Total Synthesis of Mycinolide IV and Aldgamycin N (A. Fürstner, 2021)
Mycinolide IV (1, Figure 1) and aldgamycin N (2) are complex, bioactive polyketides. They macrolide core together with their glycosylation pattern were always a challenging task for synthetic chemists. The group of Alois Fürstner (MPI für Kohlenforschung, Germany) now published the total synthesis of both polyketides in two articles in the journal Angewandte Chemie. The overall goal of their synthetic study was to describe a unified approach to both polyketides, which should also enable the synthesis of closely related structures (not shown). As shown in Figure 1, the macrolides should be available by the coupling of two major fragments 5 and 6. The precursors 3 and 4 for mycinolide IV and aldgamycin N, therefore, can be synthesized using the same methods, with slight modifications in the synthetic route.
Synthesis of fragments 5 and 6
The eastern part of the macrolide was constructed as shown in Scheme 1. Starting from allylic alcohol 7, Sharpless epoxidation and ring-opening gave 8 in acceptable enantioselectivity, however, with small yield. Then TBDPS protection of the primary alcohol was followed by TES protection of the remaining free alcohol. Finally, reductive iodation gave 5 in good yields. For the synthesis of mycinolide IV (1) iodoalkene 5b was coupled with TMS-alkyne yielding in 9 after deprotection. For the synthesis of aldgamycin N (2), fragment 10 was prepared in a similar way.
The western part of the macrolide could be constructed in a straight forward way from known compound 11 as shown in Scheme 2. Reduction gave the racemic alcohol, which was transformed into entantio enriched acetate 12 by enzymatic resolution. Deprotection under unusual conditions (MeLi) and oxidation gave aldehyde 13. For the vinylogous Mukaiyama aldol reaction, the shown oxazaborolidine could successfully catalyze the reaction and gave 6 in usable dr.
Total synthesis of mycinolide IV (1)
With both fragments in hand, the Fürstner group now was able to finish the synthesis of mycinolide IV in a few steps as shown in Scheme 3. First, MOM protection of the free alcohol of 6 was followed by hydroformylation which yielded in 14. Then, western fragment 9 was introduced by the attack of the lithiated species. TES deprotection then gave diol 15. For ring closing, the authors reported that they were not able to cleave the methyl ester. Therefore, a transesterification approach was needed using a stannoxane complex yielding in fragment 3 albeit with low yield. [Ru] catalyzed redox isomerization and acidic deprotection then finally yielded in mycinolide IV (1).
Total synthesis of aldgamycin N (2)
For aldgamycin N (2) a much more complex approach was needed by Fürstner and co-workers. One major challenge was the synthesis of both sugar moieties. First aldgarose precursor 20 was targeted as shown in Scheme 4. Therefore, fragment 16 was transformed into the silyl enol ether and the following hetereo Diels Alder reaction with subsequent acidic deprotection gave unsaturated ketone in good enantioselectivity and yield. Diastereoselective epoxidation under basic conditions was followed by TIPS protection and addition of vinyl magnesium bromide yielding in 18 in 46% yield over 3 steps. The terminal aklene was then epoxidized and the epoxide was opened by hydride. The diol was then transformed into the carbonate, at the same time TIPS protection group was cleaved. The free alcohol was again protected, this time as acetate and also the acetal was acetate protected yielding in 19 in 5 steps from 18. Then the acetal was further changed to the shown trichloroacetimidate as a suitable coupling partner.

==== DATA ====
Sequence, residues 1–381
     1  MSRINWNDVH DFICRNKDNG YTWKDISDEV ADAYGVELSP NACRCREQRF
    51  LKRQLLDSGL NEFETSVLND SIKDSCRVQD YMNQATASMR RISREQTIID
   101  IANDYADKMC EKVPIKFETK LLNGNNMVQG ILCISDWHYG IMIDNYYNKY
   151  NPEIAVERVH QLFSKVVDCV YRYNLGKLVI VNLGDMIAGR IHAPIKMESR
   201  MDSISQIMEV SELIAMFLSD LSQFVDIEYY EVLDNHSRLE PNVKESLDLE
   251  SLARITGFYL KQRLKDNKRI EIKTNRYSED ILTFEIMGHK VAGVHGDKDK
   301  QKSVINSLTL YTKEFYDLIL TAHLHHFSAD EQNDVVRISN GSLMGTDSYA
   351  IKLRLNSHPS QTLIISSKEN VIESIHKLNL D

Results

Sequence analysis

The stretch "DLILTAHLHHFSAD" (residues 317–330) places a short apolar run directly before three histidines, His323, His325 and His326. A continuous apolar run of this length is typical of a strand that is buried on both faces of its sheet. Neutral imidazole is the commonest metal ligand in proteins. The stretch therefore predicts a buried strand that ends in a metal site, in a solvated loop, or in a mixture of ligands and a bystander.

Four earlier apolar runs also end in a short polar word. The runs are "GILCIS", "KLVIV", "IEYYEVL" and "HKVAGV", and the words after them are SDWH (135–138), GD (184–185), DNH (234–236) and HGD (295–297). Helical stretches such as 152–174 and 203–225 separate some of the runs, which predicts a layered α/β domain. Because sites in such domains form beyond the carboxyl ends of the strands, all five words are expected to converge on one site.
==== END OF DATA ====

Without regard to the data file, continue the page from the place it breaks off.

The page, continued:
The mycinose sugar 25 was synthesized from 21 by first bromination and then methylation to fragment 22. Then alkene reduction was followed by debromination. Reduction of the ester to the aldehyde was followed by the formation of the desired pyranose form 21. Again, transformation into the trichloroacetimidate 25 then facilitated the following coupling.
Finally, with all fragments in hand, the Fürstner group was able to assemble aldgamycin as shown in Scheme 5. First western fragment 6 was transformed into ketone 26 by PMB protection and oxidation of the alkene. Then addition of the eastern fragment was achieved using again the lithiated fragment 10 followed bt acidic deprotection. Both diastereomers could be separated in this step and both were used for the determination of the absolute configuration of the tertiary alcohol (only the correct one is shown). Again, stannoxane mediated transesterification successfully enabled the macrolide formation. With 4 in hand, the first sugar moiety was introduced. Therefore tertiary alcohol was TES protected and PMB was deprotected. Addition of trichloroacetimidat under Lewis acidic conditions indeed gave the desired aldgarose 29 as a single isomer after silyl deprotection. The authors highlighted that a late-stage introduction of the sugar was not possible due to the attack of free alcohol to the ketone (not shown). Alkyne 29 was then transformed into an unsaturated ketone by first hydrostannylation followed by oxidation to the ketone 30. For the completion of the total synthesis sugar 25 was coupled with the free, primary alcohol, however, only low stereocontrol was observed. The desired isomer could be isolated and carbonate cleavage liberated aldgamycin N (1).
In total, the Fürstner group successfully could establish a synthetic route to a few macrolides. They could proof the suitability of this route with the synthesis of mycinolide IV (1) and aldgamycin N (2). Both polyketides were synthesized using an unified approach. During the synthesis, the authors describe several challenges like the asymmetric vinylogous aldol reaction, the transesterification and the synthesis of aldgarose.